The Sanyo battaries are better if you don't frequently charge because Sanyo has developed a battery don't won't have any "discharge".

Also, I have realized now that the K-7 is out, it really doesn't matter. You could have proffesional with any brand name! Seriously, our school's photo shoot, the person had a XTi with a Tamron 17-50mm!

And I agree with the above posts, although you should also look at the K20D, considering it is only $50-100 more if you know where to look.

_________________
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Canon 5D Mark II, 40D, EF 17-40mm f/4 L, EF 24-105mm L IS, EF 50mm f/1.4

www.flickr.com/glxlr


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PostPosted: Wed Jun 10, 2009 7:30 pm 
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Location: Nova Scotia Canada
I haven't tried the Sanyo batteries but have heard good things about them.
I use Max E's

http://www.edmamarketing.com/Product/Annsmann/maxE%20Battery%20Info.pdf

I find them very good performers both in my K100 but for some reason seem even better in my K200(If anyone may have an explanation why,I'd love to hear it)
I have used them under extreme temperatures both above and below 0C
Using them in -20C I'm not sure many batteries wouldn't be effected, they do seem a bit less than perfect but...how often will you be out in -20C for a prolonged period taking pics?
I have two sets of 4 and a smart charger that works both in my home and my vehicle.

TWO THUMBS UP from me K200 and the batteries.

_________________
Pentax K-5
Pentax 18-55mm,Pentax 50-200mm,Sigma 17-70mm,Sigma 70-300mm, Sigma 50-500mm
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PostPosted: Wed Jul 01, 2009 8:54 am 
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Joined: Wed Apr 15, 2009 4:53 am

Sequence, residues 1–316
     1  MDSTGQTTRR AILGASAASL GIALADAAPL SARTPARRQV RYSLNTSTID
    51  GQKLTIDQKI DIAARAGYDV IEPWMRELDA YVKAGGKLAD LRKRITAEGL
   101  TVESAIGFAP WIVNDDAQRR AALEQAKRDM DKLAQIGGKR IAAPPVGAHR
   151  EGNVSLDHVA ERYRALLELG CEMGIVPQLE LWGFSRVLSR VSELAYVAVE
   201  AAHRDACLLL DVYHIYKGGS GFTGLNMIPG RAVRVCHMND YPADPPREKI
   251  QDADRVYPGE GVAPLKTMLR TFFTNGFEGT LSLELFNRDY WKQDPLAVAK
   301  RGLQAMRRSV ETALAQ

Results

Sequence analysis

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Location: Northern Sweden
I personally wouldn't buy a camera without a top LCD, now when I've got used to it. They are much more easy to read than the rear screen in harsh sun light, for example.

I think you've already answered your question yourself. If the K200D is a perfect fit in your hands, that should be your choice.

There is however an even better option than the K200D if you like the Pentax way. Take a look at this thread http://www.cameralabs.com/forum/viewtopic.php?t=15623


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PostPosted: Wed Jul 01, 2009 1:42 pm 
The more I look into getting into a system, the more I think Pentax is the way to go for cropped sensors bodies.

Weather sealing and AA batteries is just so smart............now you can get weather sealed kit lenses and a 200d and have a weather sealed complete starter package..........or up the ante a bit and get a 20d body.

If you care less about weather sealing the km body with the two unsealed kit lenses are really well priced.

The overall feel of all the Pentax bodies exude quality.........lens performance seems pretty good also..........and the DA* lenses with a fixed 2.8 aperture are also great for the price........considering what you pay for fast glass from Canon or Nikon.


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PostPosted: Wed Jul 01, 2009 7:56 pm 
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Posts: 601
Location: France
Bonjour Nick,

First the disclosure: I'm a Pentax user and I'm very happy with my K10D. I haven't had the opportunity to test a Canon or a Nikon or a Olympus dSLR, so I can't tell you which is the best. :wink:

Now the advice :) Go and pay a visit to your local dSLR dealer and test two very important things that would make the difference between a camera you're going to use and enjoy and a camera you're going to be uncomfortable with.
  1. How the camera fits in your hands? Are the commands at the right place under your fingers?
  2. How clear is the viewfinder? It's a key part on an SLR.

Now, if you need more info on Pentax camera and lenses, please have a look at my :arrow: Pentax K10D Related User Reviews :!:

I hope that helps :)

_________________
--- rei_vilo
Pentax K-5 + BG4 + DA* 16-50 + DA* 50-135 + DA* 60-250 + AF-540FGZ
reivilophotography.weebly.com


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PostPosted: Wed Jul 01, 2009 8:01 pm 
rei_vilo wrote:
  1. How the camera fits in your hands? Are the commands at the right place under your fingers?
  2. How clear is the viewfinder? It's a key part on an SLR.



Excellent pointers! Yes,Nick you should consider these criterias. Also,think about the lenses/lense that will fit in your budget the best.


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PostPosted: Thu Jul 02, 2009 2:04 am